Flu shot protects pregnant woman and baby from deadly virus

By: Heather Spies, MD .

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I’m a real strong advocate for getting the flu shot when a woman is pregnant because it protects both her and her baby, and the risks of not getting vaccinated far outweigh any downside.

When they’re initially presented with the option, some women decline for one reason or another, so I want to explain the reasons to seriously consider it because there’s a lot of misinformation out there.

The flu vaccine protects the woman.

Pregnant women undergo a lot of changes in their heart, lungs and immune system that make them more susceptible to getting sick. It’s not that they lack an immune system. It just changes during pregnancy.

During those nine months, women tend to be more susceptible to viruses or bacteria that may cause common colds or pneumonia. Those ailments can spiral into more serious problems that could require hospitalization, an intensive care stay or even death. Besides the obvious health impacts on the mom, it also puts the baby at risk.

The flu vaccine won’t hurt the baby.

Many concerns about the flu shot’s impact on an unborn baby are simply not true. The American Congress of Obstetricians and Gynecologists recently put out a statement reassuring providers and patients that the shot is safe, calling it an essential part of prenatal care.

The Centers for Disease Control and Prevention has also affirmed that the flu shot is safe in any trimester.

What it comes down to is the risks of not getting the shot are so much higher than any potential risk of getting it. The vaccine has not been shown to cause miscarriage. There was a recent publication that was reporting a safety concern with the flu vaccine in the first trimester, but when you actually look at the study there was no causation.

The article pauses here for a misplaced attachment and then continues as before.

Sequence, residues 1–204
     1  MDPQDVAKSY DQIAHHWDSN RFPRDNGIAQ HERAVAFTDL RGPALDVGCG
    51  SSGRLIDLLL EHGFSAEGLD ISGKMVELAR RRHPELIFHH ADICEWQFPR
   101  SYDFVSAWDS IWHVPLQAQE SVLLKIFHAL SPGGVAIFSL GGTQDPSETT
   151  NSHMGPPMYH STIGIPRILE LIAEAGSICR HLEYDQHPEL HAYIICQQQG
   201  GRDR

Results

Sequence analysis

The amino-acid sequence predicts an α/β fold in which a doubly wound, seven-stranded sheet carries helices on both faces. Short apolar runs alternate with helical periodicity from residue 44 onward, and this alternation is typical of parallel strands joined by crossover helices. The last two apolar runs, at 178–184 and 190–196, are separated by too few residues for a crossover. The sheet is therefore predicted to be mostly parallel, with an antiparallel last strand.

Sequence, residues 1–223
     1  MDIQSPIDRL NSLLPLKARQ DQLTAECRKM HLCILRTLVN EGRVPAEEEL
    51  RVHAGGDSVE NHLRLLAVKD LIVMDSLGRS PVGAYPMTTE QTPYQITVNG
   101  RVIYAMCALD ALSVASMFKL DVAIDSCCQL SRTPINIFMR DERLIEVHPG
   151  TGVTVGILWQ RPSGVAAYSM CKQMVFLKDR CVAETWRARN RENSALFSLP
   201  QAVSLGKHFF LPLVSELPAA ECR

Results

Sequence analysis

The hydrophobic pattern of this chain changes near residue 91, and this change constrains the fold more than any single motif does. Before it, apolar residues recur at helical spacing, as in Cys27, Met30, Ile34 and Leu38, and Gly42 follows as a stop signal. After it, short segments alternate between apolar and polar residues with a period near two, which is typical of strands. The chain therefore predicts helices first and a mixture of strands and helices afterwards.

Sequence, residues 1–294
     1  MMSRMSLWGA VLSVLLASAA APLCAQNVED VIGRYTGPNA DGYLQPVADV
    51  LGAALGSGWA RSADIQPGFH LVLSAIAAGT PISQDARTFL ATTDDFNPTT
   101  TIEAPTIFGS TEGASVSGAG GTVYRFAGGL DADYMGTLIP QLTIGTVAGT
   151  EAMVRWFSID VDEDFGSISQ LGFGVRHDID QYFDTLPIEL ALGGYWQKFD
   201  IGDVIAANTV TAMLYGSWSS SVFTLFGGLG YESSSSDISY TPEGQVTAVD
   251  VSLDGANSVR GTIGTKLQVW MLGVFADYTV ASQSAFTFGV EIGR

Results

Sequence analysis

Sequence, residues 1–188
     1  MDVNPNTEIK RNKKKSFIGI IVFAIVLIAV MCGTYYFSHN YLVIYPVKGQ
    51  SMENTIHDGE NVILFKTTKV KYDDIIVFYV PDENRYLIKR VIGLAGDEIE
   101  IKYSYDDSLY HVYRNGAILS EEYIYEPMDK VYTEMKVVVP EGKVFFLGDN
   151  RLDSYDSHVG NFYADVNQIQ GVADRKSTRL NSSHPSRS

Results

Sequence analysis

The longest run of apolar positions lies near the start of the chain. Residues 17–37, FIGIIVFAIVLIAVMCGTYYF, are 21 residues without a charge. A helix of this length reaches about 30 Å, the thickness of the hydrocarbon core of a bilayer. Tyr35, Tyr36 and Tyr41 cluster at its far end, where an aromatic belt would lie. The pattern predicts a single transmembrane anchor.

The vaccine protects the baby when he or she is born.

Infants can’t be vaccinated until they’re at least 6 months old. If a woman gets the flu vaccine while she’s pregnant, some of that protection passes to the fetus, and then that baby gets some protection through flu season.┬áIf a newborn gets influenza and contracts pneumonia, it can have serious short- and long-term consequences.

The shot won’t make you sick.

Women often tell me that when they’ve gotten the shot in the past that it made them sick or they had side effects. I always ask what kind of sickness they encountered after the shot because nausea or vomiting is different than a respiratory ailment.

The vaccine doesn’t make people sick to their stomach, so they likely acquired some type of virus at the same time and it probably wasn’t even linked. Sometimes people confuse stomach flu with respiratory influenza, but they’re totally different.

If a pregnant woman knows someone has been diagnosed with influenza, they should take precautions and stay away from them, if that’s an option. Otherwise, frequent hand washing and using wipes at the grocery store will help.

The bottom line.

The flu is too serious of a disease to take lightly, so moms-to-be should not rely on rumor or sites that lack credibility when they’re deciding whether to get a flu shot. Check the source. Many times when a study is done, one finding will be pulled from it for the news, but not all of the scientific information is shared. And, unfortunately, patients make the decision that’s not the best.

We see every year that some healthy young person has died from influenza and we’re working toward that not happening by having people get vaccinated. And while no vaccine gives a person 100 percent coverage, it’s worth the potential benefit.